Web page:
The war over Artificial Intelligence (AI) assistants or personal digital assistants — the kind that are embedded in devices, take verbal orders from you and then perform those tasks for you — is heating up. Amazon's smart assistant Alexa was the highlight of the Consumer Electronics Show (CES) in Las Vegas in January. Amazon showed that it had built a healthy lead in the Artifical Intelligence race, showcasing Alexa in different gadgets, from smartphones to refrigerator to speakers.
From the evidence at the ongoing Mobile World Congress (MWC) in Barcelona, Google seems to have taken up Amazon's challenge. Phone-maker LG announced that the flagship LG G6 will come pre-loaded with Google Assistant, and Nokia, Moto and Huawei followed suit. Google executives showed up at each of the launch events to talk about their AI assistant and Android integration with their partners.
Later, the search company announced that it was bringing the Assistant to all smartphones running Android Marshmallow 6.0 and Nougat 7.0. The Assistant was first announced at Google's last developer conference and then included into the messaging app Allo. Google Assistant was also unveiled as one of the exclusive features of Pixel phones that were launched in October. At the time, Google had stated that there were no plans to bring it to the other Android phones anytime soon.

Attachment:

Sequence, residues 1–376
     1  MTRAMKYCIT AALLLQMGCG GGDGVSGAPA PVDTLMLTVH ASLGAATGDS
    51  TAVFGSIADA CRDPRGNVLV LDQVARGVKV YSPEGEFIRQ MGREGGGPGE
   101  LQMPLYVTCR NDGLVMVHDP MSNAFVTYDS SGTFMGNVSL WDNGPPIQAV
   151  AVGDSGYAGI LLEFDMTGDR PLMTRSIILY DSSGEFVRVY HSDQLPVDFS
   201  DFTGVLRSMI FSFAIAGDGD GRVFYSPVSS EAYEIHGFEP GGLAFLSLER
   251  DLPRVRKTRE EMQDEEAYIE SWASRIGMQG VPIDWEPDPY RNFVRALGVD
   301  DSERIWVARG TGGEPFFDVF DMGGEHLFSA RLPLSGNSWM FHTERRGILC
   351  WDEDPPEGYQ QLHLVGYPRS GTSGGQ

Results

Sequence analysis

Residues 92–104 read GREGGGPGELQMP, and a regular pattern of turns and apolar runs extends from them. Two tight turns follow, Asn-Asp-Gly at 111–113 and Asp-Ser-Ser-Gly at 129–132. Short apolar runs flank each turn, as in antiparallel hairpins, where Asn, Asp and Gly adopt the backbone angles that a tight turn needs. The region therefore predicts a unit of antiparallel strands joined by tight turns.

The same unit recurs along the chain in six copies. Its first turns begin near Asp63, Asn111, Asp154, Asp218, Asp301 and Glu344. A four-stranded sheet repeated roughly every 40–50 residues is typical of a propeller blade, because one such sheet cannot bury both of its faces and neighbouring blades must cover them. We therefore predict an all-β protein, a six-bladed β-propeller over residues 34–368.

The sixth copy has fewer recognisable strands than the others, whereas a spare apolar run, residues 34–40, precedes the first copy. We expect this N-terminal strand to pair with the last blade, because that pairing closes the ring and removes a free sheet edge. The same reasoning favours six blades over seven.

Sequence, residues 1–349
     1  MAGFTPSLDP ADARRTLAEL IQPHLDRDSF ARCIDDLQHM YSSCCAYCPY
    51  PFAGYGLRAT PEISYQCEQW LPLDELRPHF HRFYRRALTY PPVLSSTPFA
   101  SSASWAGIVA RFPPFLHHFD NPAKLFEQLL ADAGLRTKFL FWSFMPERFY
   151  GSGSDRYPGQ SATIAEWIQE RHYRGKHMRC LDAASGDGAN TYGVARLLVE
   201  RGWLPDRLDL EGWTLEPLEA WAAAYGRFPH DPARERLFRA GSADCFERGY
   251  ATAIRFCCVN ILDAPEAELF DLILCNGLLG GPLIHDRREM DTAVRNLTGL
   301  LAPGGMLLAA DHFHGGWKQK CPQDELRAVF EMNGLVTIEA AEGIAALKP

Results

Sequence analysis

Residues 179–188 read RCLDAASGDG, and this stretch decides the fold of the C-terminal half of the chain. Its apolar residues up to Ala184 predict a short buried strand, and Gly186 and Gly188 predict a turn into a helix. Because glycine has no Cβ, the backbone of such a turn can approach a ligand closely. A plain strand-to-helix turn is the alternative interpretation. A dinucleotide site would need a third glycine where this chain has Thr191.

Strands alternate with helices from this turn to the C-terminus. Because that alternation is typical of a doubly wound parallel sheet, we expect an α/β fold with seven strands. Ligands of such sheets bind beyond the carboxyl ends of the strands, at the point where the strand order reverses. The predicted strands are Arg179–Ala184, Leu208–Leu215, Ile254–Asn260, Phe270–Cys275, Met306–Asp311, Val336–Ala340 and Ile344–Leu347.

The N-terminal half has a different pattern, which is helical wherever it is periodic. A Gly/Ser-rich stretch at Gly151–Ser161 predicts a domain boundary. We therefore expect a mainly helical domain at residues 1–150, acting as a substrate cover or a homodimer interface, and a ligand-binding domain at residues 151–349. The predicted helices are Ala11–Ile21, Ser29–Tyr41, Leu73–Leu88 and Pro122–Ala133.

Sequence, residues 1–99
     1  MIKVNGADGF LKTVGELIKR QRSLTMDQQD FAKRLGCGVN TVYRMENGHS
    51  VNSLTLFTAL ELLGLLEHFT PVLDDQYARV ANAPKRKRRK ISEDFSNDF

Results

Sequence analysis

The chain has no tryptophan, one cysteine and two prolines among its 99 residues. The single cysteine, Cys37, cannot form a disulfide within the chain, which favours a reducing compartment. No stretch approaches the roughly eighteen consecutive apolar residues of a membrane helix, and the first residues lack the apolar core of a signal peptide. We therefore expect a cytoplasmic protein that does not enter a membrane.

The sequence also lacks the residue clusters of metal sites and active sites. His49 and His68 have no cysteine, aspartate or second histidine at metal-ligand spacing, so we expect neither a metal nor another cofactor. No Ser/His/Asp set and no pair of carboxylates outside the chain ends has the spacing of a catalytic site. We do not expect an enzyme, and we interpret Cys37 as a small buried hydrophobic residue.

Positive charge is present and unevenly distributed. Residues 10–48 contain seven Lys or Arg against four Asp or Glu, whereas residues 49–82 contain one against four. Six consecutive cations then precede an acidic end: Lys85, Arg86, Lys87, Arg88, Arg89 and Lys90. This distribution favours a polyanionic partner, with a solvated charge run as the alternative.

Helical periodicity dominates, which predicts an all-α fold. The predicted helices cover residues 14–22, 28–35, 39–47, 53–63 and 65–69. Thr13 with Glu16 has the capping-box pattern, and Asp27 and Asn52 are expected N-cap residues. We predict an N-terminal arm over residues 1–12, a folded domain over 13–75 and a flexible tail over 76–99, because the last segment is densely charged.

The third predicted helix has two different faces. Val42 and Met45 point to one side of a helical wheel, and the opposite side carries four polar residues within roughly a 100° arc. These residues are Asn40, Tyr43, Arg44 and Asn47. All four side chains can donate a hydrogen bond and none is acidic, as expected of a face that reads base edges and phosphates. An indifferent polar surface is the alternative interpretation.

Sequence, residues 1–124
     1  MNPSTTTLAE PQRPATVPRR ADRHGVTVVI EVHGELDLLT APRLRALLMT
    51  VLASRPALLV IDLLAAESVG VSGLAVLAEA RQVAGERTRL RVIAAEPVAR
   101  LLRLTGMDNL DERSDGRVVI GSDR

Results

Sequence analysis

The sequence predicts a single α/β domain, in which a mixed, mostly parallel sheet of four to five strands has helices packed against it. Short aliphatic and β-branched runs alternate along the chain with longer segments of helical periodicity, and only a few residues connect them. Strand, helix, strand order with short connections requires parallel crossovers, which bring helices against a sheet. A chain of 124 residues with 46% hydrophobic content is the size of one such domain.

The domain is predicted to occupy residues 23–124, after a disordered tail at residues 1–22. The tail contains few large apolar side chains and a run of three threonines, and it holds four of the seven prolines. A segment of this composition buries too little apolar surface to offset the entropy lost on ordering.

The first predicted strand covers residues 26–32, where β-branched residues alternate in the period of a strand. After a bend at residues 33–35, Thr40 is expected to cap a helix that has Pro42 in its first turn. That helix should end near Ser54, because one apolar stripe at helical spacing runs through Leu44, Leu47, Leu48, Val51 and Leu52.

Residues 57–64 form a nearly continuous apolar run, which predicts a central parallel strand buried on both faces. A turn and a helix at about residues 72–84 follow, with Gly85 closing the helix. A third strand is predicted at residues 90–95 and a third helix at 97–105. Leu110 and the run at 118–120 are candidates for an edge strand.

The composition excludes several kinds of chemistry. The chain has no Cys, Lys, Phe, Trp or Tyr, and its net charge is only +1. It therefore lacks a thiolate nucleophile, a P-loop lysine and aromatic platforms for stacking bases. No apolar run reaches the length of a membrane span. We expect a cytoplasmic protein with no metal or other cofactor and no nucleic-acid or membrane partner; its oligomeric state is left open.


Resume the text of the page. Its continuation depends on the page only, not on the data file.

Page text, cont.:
Currently, besides smartphones, Google Assistant can be found on Google Home smart speakers, Android Wear 2.0 smartwatches and, in limited capacity, on Android TV. Amazon, on the other hand, had opened up Alexa to third party developers and manufacturers back in 2015. And now, as a result, car makers to home appliance makers are installing Alexa in their products.
While Google is a late entrant to the AI wars, it possesses 'search' and machine learning experience on a big scale. Additionally, to improve the Assistant, it has Android. Up until now, the Assistant could only be found in a handful of Pixel phones. But, according to the last Google chart, Marshmallow and Nougat are now running on almost 32 percent Android phones worldwide.
This number is surely going to go up this year and phone makers will be looking to partner with the search giant and put the Assistant on their phones. Google's Assistant has shown promise in many countries, including India, whereas Amazon's Alexa only works in a few countries as of now. Google CEO Sundar Pichai spoke about the importance of AI on many occasions last year, so more announcements in this sector by the company will come as no surprise.
While Apple is yet to demonstrate its assistant Siri's full potential, Google and Amazon are getting ahead in the game. How Google plugs the Assistant to developers at the Google IO this year will be worth watching.